Directed by: Robert Zemeckis – Starring: Brad Pitt, Marion Cotillard, Jared Harris, Simon McBurney, Lizzy Caplan
Back in the day, during the “Golden Age of Hollywood”, a star could have been in the midst of numerous affairs, and divorcing their 16th spouse, and the cinema-going public were unlikely to hear about it, never mind have it filter into the glossy movie promotions so carefully stage-managed by the studios.
Fast forward to today, however, and a star’s personal life has become public fodder, as Brad Pitt is surely only too aware. While his private life has been hitting the headlines for decades, the recent announcement of his impending divorce from Angelina Jolie has completely overshadowed the release of this film. Which is a real shame, as Allied is a fine piece of cinema.
Pitt plays Max Vattan, a Canadian intelligence officer, who is paired with the alluring and mysterious French Resistance Fighter, Marianne Beausejour (Cotillard) on a secret mission in Casablanca. The pair fall in love, and Max puts in a request that she be allowed join him in London, where he is stationed.
They have a child, and live an idyllic life (or as idyllic as is possible in wartime) until Max is summoned by his superiors, who inform him that they believe she is a spy. Setting a test for her, they inform him that he must execute her if they are proved right, leaving Max just 72 hours to try and clear his beloved’s name.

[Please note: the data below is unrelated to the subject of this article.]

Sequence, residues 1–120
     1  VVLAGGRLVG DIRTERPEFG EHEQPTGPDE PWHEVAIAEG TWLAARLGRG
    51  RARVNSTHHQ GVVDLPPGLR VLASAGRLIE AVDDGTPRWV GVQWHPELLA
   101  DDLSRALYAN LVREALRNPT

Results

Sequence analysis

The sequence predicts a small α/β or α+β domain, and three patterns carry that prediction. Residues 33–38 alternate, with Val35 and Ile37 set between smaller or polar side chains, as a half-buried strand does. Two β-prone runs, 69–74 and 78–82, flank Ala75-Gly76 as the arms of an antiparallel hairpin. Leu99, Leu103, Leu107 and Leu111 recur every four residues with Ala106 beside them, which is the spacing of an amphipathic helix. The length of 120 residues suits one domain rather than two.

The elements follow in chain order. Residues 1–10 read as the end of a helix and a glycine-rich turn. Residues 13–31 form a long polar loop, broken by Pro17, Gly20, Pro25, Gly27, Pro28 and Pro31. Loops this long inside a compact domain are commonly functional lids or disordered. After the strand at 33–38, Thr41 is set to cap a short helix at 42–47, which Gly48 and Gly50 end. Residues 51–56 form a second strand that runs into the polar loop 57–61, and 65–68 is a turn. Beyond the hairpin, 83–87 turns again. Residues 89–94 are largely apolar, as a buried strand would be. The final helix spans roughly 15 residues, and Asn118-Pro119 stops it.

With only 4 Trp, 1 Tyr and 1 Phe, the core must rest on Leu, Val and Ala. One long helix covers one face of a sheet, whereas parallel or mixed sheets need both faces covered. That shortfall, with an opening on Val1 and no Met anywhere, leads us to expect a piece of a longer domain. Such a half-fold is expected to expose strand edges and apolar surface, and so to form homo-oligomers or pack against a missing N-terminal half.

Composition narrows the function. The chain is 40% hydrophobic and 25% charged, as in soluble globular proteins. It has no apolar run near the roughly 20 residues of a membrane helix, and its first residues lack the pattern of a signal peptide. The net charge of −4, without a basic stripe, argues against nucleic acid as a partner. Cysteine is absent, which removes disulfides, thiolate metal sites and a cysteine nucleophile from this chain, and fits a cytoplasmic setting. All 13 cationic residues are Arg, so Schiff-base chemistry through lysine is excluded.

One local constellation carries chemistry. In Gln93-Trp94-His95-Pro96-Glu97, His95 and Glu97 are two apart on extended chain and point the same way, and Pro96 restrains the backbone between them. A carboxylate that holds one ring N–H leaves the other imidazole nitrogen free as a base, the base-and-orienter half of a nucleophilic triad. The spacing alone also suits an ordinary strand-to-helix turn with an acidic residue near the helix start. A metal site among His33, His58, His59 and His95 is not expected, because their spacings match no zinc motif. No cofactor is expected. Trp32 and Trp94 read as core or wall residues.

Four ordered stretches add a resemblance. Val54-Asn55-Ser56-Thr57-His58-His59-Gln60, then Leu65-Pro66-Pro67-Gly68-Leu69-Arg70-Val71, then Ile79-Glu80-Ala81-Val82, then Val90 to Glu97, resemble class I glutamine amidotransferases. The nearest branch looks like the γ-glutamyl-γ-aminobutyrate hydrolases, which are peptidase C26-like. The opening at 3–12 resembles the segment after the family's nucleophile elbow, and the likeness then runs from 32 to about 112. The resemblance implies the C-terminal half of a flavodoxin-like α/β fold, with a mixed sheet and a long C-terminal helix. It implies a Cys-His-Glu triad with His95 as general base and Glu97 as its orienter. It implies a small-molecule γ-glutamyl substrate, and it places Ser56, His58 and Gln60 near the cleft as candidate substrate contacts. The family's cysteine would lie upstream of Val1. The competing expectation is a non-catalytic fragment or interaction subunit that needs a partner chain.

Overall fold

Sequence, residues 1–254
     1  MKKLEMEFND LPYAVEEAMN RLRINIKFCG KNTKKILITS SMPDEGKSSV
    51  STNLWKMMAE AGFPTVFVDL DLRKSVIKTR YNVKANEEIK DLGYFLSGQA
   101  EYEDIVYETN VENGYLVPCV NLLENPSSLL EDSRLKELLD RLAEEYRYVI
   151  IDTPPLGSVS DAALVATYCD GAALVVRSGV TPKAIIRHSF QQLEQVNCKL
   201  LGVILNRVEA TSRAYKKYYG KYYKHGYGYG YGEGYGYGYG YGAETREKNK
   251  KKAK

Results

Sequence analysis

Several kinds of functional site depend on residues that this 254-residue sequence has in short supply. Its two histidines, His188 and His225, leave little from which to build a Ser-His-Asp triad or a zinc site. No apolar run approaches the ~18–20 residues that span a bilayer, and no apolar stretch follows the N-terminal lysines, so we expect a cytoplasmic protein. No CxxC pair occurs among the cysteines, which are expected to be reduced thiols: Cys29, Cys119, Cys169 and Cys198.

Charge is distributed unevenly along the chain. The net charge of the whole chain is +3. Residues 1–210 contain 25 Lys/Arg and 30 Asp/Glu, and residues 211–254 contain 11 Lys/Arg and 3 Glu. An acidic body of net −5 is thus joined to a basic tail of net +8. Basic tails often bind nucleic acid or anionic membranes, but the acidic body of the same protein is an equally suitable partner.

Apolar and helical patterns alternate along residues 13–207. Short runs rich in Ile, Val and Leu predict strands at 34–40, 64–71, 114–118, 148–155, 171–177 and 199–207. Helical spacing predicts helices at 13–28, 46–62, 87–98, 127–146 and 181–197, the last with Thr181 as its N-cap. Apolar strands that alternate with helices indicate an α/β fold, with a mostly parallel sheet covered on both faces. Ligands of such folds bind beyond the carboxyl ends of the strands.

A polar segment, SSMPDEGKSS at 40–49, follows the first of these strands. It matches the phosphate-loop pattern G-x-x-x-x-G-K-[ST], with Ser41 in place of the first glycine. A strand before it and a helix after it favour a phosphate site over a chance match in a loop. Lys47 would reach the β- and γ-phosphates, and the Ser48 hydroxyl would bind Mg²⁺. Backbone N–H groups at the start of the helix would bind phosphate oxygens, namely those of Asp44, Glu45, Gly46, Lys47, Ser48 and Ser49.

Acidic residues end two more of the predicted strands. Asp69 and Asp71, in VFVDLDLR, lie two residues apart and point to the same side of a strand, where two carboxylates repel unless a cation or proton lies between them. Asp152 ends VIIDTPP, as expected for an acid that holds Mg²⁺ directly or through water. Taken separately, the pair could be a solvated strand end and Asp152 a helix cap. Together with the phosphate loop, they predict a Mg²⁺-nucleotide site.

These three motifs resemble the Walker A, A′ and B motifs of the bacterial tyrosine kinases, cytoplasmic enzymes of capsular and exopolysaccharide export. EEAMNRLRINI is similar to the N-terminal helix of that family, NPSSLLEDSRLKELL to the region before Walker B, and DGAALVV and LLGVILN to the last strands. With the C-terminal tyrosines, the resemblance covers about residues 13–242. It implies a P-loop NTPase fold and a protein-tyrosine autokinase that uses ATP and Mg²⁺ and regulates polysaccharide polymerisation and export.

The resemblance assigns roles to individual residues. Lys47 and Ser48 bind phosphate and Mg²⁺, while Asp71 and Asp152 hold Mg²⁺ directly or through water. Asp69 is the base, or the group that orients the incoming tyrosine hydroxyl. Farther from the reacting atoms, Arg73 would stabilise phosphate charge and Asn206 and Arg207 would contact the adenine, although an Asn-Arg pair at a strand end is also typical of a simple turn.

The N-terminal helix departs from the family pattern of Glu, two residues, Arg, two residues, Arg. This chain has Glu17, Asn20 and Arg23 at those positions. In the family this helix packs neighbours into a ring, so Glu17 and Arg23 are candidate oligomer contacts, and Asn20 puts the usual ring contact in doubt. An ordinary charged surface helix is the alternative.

Allied opens with stunning sweeping shots of the dessert, and, some 45 odd minutes in, as Pitt and Cotillard brandish machine guns and let rip, it seems to be setting itself up to be a wartime action picture.
However, the glamour and splendour of this only serves to juxtapose with the ordinariness of London, and their lives there. After the initial scenes, there is very little in the way of action, and Allied is all about the characters’ relationships. Pitt and Cotillard give great performances, make a supremely attractive couple, and have a great chemistry (although for those still speculating they had an affair it’s called ACTING!). The supporting characters are merely here to flesh out their story. Allied is very much their film.
The performances are offset with some amazing cinematography, stunning sound design, thoughtful direction, and a solid script that twists and turns, and keeps you guessing until the end. If there was one flaw, it is simply that Cotillard looks impossibly glamorous throughout, given that it’s wartime, and rationing was in force. You can overlook this though, as it only adds to her enigma as the plot develops.
A solid thriller, with plenty of tension that will have you on the edge of your seat, Allied is definitely award-worthy. It would be a pity if people let the Brangelina furore colour their perception of this, as it is definitely one of the best movies released this year.
In Cinemas Now! See Trailer Below: